File under: Self-Disclosure, Snarkpolitik, Society/Culture
March 20, 2008
The Aesthetic of Us Weekly Can Be Yours
Kottke points out a crazy new kind of portraiture:
Using information provided earlier about their weekly routine, the photographer will arrive on the scene, and unseen, take shots of the subject. The subject will be photographed walking through the streets, going about their daily business. Without posing and artifice, the camera captures only the natural beauty of the person.
Why is this awesome? Because the real mark of status is no longer having a fantastic portrait taken, or even getting the massively-photoshopped magazine cover treatment. It's being surreptitiously photographed leaving Starbucks in your flip-flops.
This is definitely a corollary to the democratization of manipulation. The democratization of observation, maybe?
March 19, 2008
Maybe I Finally Get It Now
Twitter with its bizarre/random limitations and restrictions is a retreat for those craving fuzziness? A cave? Like in Plato's cave, maybe, but here the shadows are 140 characters long.
Margaret Mead Among the Managers
Grant McCracken offers an anthropological take on the recently-ubiquitous corporate reinvention session.
March 17, 2008
Watch carefully. Sort of like Brain Age in real life... with a twist.
March 14, 2008
I, For One, Welcome Our New Avian Overlords
OMG, Jessa's right: the birds are going to rule us one day. Article 1:
And article 2:
March 12, 2008
Conor Knighton on Bollywood's new tricks. This video features Shah Rukh Khan and dancing robots. My prediction is that by 2026, every video will feature those two things.
Someone needs to fuse them. This is the internet. Someone already has. But where?
(Via AFWW on IM.)
March 11, 2008
I've been a horrible SXSW blogger. In my defense, I've been having too much fun learning things and meeting people. But Snarkmarket pal Jane McGonigal's keynote was so remarkable, uplifting and super-great that it bears special mention. Especially in contrast to the meta-vapidity of the Zuckerberg interview on day one, the substance and spirit of Jane's presentation were striking.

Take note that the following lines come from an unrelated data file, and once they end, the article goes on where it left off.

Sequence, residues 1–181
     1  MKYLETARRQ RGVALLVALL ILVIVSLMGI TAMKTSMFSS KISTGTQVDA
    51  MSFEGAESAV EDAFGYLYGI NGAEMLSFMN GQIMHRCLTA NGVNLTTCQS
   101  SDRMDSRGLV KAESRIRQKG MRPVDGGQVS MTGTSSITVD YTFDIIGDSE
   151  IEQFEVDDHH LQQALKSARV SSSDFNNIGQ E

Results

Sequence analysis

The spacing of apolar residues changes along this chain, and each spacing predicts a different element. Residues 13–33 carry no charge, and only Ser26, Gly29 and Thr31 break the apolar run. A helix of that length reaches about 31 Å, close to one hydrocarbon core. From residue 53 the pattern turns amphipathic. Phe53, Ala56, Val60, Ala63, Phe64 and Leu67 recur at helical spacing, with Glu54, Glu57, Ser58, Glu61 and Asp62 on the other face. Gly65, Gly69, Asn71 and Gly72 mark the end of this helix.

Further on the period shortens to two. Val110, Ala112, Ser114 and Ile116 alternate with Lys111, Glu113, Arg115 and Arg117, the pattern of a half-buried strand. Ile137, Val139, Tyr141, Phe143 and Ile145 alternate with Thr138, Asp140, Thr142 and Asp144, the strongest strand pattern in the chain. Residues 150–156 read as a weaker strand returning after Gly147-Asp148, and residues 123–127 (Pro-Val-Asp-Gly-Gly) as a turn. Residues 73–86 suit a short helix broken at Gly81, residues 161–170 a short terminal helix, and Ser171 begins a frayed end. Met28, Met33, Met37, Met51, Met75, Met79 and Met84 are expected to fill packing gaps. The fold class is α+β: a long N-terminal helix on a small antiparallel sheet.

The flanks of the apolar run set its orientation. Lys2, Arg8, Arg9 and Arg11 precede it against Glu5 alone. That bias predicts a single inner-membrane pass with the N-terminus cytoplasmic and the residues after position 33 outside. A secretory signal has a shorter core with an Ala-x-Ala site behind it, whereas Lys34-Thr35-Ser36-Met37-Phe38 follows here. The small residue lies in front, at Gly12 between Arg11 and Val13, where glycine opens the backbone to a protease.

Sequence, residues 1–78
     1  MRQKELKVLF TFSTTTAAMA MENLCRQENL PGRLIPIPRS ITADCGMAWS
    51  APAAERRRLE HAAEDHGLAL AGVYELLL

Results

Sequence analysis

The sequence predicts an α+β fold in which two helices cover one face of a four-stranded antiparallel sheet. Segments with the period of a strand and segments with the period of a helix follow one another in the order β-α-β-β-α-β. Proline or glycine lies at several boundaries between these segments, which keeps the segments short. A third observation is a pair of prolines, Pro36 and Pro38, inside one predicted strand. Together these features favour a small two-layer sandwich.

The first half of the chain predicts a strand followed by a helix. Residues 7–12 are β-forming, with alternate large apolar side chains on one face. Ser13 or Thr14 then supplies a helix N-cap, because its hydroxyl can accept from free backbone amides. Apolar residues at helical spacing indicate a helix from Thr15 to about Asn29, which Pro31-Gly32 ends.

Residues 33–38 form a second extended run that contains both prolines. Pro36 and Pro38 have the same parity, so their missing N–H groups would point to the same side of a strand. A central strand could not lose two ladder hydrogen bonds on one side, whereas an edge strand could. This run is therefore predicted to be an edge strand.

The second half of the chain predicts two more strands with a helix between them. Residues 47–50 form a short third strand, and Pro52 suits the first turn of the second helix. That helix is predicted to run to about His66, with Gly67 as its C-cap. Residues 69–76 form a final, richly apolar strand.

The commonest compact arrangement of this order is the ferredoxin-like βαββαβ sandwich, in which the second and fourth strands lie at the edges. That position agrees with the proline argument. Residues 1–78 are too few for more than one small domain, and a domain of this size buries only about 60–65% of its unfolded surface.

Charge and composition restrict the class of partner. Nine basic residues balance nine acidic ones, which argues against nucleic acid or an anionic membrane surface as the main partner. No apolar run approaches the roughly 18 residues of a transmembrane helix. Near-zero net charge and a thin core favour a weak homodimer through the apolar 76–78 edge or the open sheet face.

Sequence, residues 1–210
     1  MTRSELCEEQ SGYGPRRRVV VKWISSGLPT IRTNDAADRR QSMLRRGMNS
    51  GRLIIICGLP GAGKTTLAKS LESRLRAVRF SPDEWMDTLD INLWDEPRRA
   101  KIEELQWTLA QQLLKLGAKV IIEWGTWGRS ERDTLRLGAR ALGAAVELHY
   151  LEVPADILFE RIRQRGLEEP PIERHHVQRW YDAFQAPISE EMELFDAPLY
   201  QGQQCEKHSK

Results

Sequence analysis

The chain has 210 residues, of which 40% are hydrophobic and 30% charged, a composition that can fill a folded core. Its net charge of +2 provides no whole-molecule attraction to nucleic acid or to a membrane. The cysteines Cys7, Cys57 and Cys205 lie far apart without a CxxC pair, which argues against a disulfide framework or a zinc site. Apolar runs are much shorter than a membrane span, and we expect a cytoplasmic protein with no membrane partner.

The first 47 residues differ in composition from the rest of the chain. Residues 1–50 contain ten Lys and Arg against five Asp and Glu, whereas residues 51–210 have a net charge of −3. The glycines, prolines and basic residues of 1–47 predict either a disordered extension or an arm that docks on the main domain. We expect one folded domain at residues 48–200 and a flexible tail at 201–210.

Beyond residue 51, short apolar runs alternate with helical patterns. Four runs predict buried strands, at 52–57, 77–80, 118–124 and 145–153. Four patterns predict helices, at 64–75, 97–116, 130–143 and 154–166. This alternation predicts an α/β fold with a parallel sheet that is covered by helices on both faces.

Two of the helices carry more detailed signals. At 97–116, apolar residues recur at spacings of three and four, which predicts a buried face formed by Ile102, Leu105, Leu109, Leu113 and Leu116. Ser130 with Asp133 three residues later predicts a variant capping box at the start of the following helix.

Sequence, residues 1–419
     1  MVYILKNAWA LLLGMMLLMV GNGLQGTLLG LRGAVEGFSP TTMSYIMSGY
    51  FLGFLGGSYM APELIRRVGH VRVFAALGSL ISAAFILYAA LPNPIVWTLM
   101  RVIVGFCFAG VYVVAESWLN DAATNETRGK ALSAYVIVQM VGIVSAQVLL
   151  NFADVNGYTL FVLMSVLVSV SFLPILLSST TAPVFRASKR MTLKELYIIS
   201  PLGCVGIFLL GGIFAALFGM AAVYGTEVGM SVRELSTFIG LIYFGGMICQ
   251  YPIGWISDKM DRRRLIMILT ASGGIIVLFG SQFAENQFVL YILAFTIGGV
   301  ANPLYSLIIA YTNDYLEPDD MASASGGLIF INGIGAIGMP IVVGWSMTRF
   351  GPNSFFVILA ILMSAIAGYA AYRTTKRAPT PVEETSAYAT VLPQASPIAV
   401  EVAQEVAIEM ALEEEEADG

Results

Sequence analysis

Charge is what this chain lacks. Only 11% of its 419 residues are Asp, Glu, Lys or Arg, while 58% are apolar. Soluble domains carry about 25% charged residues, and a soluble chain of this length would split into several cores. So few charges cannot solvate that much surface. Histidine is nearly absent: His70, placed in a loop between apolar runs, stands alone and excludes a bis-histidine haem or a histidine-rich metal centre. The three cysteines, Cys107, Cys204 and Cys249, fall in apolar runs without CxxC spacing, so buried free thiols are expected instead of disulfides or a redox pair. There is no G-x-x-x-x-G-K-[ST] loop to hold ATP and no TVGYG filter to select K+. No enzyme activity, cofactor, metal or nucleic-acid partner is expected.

Also... she did the Soulja Boy.
March 7, 2008
Samantha Power's Resignation
Such a bummer. I cringed when I read the remark last night. Now one of my favorite figures in any candidate's campaign is out. I don't know how these things work at all, but I really hope she'll still be his unofficial foreign policy adviser.
Also: Why is it I love Samantha Power so much? First, there was her book, an exhaustive and exhausting account of the unchanging pattern of genocide, and why, despite our ability to recognize that pattern, we never stop it before it's too late. Then, there was hearing her speak about the book at the Nieman Narrative conference a few years back. Although she was young (34?) and vibrant, she had this weariness about her. Maybe she was just exhausted for reasons completely unrelated to the subject matter, but you couldn't help thinking, "God, the things this poor woman is cursed with knowing." To speak at length for years with the survivors of genocides all over the world, to see it happening again and be utterly powerless to stop it -- how do you have that kind of experience and not despair?
I was as excited as Robin about the prospect of Power in a major foreign policy position (which I really hope might still come to pass). When secretaries of state commonly can't bring themselves to utter the word "genocide," how amazing would it be to have a cabinet-level official with not only the experience to recognize the pattern of genocide, but also the moral will to call it by its name?
Of course, all these pretty things I'm saying about her shouldn't erase the fact that calling Hillary Clinton a monster was not only boneheaded, but really lowers the threshold given some of the actual, human-slaughtering monsters Power has known. But it really sucks when a mistake redounds to such an ill and public effect.
Update: Marc Ambinder cites anonymous sources from the Obama campaign who say Power was not asked to leave, in case you were wondering.
March 6, 2008
What's a Library For?